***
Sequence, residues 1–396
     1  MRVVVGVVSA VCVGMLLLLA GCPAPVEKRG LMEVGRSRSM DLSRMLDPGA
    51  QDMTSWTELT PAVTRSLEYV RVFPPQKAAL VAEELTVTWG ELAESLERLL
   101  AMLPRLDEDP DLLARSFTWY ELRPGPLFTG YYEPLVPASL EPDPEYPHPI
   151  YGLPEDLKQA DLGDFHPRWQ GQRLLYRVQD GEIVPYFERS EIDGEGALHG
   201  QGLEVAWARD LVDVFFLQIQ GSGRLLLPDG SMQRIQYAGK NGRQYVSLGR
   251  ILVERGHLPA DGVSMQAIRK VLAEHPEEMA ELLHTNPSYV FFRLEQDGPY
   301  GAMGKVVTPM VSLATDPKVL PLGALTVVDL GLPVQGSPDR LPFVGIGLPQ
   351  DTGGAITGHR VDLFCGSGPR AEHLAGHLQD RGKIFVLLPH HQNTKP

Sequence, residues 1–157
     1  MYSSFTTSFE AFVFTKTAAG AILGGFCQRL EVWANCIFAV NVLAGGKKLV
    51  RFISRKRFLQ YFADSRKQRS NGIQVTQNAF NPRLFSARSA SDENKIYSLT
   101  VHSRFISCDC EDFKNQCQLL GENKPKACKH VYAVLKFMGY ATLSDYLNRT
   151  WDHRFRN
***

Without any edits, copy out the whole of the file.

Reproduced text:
Sequence, residues 1–396
     1  MRVVVGVVSA VCVGMLLLLA GCPAPVEKRG LMEVGRSRSM DLSRMLDPGA
    51  QDMTSWTELT PAVTRSLEYV RVFPPQKAAL VAEELTVTWG ELAESLERLL
   101  AMLPRLDEDP DLLARSFTWY ELRPGPLFTG YYEPLVPASL EPDPEYPHPI
   151  YGLPEDLKQA DLGDFHPRWQ GQRLLYRVQD GEIVPYFERS EIDGEGALHG
   201  QGLEVAWARD LVDVFFLQIQ GSGRLLLPDG SMQRIQYAGK NGRQYVSLGR
   251  ILVERGHLPA DGVSMQAIRK VLAEHPEEMA ELLHTNPSYV FFRLEQDGPY
   301  GAMGKVVTPM VSLATDPKVL PLGALTVVDL GLPVQGSPDR LPFVGIGLPQ
   351  DTGGAITGHR VDLFCGSGPR AEHLAGHLQD RGKIFVLLPH HQNTKP

Sequence, residues 1–157
     1  MYSSFTTSFE AFVFTKTAAG AILGGFCQRL EVWANCIFAV NVLAGGKKLV
    51  RFISRKRFLQ YFADSRKQRS NGIQVTQNAF NPRLFSARSA SDENKIYSLT
   101  VHSRFISCDC EDFKNQCQLL GENKPKACKH VYAVLKFMGY ATLSDYLNRT
   151  WDHRFRN